Alex Comfort, CFRE
Over my 47 year working career, I have found most job situations pretty similar – even the US Air Force. You get along with some people and pray hard for other people to retire or leave. Let’s be honest. But there are basic rules which help us all get through the day with our colleagues.
One came into play with me a couple of weeks ago. As may be plain to you, I have my own business as a consultant but I also have entered into a working relationship with a wonderful firm based in Johnson City, Tennessee. This firm is headed by Ginger Keller-Ferguson, a development savant who has an MBA and a keen sense of how to do things.
But as many of my colleagues over the years have found, details are not my strength. I have functioned through the years only with wonderful, patient, eagle-eyed staff members who spot my lack of attention to detail and get me, and the details, corrected.
Ginger and I currently have a joint project and she graciously asked me my time frame for a meeting that had to be scheduled. I consulted my calendar and gave her a date. She got the other side to agree to the date I gave her. Then, to my horror I realized I had already given away that date and had to ask for a re-scheduling of the date I had given her!
Without any snarky comment to me which I certainly deserved the email went out and said simply, “our previous date has to be changed and here is a possible new date”. How gracious! My point, of course, is that it would have been easy to have thrown me under the bus, but Ginger resisted. And I am grateful.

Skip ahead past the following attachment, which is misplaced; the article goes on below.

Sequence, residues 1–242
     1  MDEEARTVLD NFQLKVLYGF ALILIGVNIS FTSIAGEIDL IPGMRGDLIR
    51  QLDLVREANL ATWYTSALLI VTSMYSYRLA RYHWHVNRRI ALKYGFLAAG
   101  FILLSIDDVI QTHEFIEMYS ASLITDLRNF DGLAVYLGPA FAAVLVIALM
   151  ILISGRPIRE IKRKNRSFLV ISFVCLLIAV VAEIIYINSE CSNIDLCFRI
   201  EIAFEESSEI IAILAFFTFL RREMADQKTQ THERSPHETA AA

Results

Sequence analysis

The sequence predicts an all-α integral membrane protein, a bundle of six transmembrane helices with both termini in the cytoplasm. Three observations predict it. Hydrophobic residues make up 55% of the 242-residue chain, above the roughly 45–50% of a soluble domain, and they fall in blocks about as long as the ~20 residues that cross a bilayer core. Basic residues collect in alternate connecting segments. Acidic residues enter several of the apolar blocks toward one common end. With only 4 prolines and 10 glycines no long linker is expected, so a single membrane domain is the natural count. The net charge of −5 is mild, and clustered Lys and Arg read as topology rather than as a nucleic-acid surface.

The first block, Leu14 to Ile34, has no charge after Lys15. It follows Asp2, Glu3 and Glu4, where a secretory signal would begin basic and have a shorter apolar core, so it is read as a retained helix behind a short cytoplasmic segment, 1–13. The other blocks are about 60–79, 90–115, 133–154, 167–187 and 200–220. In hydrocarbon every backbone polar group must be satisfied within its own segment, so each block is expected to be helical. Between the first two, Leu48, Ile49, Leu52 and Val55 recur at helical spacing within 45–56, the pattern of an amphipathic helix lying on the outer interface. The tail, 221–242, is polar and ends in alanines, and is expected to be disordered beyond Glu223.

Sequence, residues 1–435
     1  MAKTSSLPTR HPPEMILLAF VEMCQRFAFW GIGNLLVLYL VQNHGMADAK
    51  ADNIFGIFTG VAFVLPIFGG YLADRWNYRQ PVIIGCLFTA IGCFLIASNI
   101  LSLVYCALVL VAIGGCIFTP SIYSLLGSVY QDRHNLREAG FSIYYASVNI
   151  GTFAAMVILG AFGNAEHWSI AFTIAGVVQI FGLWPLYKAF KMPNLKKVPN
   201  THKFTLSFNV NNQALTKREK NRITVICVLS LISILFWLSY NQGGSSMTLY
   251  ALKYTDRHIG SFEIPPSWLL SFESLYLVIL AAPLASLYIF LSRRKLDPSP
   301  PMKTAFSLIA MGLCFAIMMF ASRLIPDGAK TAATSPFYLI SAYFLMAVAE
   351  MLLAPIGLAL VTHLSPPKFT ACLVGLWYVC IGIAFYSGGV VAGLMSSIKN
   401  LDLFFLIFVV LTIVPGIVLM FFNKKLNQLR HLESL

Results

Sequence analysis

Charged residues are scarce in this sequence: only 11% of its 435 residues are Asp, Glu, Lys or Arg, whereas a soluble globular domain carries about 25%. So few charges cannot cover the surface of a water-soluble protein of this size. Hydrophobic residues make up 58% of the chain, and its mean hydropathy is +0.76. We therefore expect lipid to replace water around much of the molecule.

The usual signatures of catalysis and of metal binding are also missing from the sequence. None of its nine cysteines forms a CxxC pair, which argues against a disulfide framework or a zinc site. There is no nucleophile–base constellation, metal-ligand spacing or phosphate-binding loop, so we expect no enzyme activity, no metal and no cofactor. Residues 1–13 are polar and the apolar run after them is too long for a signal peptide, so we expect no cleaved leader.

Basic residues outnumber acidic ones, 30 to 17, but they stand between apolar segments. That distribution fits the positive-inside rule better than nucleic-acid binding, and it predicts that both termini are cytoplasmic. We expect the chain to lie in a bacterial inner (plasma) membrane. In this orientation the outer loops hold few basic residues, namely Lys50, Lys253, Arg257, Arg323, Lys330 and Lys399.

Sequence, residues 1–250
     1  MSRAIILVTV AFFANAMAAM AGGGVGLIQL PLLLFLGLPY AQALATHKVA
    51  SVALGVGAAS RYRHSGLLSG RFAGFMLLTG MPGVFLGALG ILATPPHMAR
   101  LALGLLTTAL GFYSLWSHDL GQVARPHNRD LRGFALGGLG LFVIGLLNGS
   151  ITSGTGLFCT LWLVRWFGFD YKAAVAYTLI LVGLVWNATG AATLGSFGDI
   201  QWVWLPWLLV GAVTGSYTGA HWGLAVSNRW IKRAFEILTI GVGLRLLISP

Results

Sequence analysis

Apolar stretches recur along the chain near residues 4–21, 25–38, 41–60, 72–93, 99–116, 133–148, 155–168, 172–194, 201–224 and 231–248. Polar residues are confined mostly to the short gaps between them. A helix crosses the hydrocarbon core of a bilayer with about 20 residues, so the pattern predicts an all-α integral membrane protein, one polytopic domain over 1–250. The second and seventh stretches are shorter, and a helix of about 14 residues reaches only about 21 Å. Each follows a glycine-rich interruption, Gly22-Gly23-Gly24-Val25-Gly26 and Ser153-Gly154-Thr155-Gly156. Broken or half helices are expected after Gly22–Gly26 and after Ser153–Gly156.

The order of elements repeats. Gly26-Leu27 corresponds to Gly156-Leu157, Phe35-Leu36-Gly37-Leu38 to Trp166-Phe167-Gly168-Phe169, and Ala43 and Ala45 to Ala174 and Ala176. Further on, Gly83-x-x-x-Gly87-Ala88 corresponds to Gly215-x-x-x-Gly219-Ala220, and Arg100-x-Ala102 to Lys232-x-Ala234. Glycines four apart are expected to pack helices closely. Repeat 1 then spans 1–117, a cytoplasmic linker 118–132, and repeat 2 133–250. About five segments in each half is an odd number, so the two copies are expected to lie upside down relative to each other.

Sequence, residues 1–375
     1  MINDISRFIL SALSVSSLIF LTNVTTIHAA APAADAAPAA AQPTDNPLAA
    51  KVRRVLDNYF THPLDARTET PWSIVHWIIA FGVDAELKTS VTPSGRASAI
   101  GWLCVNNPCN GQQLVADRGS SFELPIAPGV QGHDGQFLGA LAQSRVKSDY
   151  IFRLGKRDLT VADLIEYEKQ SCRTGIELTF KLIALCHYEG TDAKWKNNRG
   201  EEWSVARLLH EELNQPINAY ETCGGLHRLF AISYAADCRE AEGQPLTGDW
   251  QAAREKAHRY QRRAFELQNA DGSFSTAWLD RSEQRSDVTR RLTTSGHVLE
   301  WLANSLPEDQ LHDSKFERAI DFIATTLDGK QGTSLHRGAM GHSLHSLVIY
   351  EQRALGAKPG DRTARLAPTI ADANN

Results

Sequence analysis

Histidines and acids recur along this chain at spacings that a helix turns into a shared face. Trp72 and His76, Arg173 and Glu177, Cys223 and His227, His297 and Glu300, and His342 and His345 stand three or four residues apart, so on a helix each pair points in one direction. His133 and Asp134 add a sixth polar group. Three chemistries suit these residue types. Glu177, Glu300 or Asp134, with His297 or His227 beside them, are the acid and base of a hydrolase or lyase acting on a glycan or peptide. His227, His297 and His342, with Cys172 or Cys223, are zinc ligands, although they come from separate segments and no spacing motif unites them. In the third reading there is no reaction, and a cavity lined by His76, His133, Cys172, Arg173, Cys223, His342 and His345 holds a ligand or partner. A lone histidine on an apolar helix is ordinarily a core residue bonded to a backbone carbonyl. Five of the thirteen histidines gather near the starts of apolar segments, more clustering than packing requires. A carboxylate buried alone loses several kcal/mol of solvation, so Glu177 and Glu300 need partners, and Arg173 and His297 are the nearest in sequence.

I often remind development professionals that NO ONE OWES US ANYTHING. We need to be gracious, to roll with the punches our donor prospects and staff colleagues throw at us, and to demonstrate the graciousness and the high road we need ourselves in our lives.
Recently in a class I was teaching someone asked me my philosophy on dealing with major donors. I don’t think I was all that eloquent in my response, but I said something like, “We need to remember we are all just people trying our best to do some good in the world.” And we need to appreciate each other.
So, thanks, Ginger. I’ll do better on details soon, I promise. After 47 years I’ll do better. Right!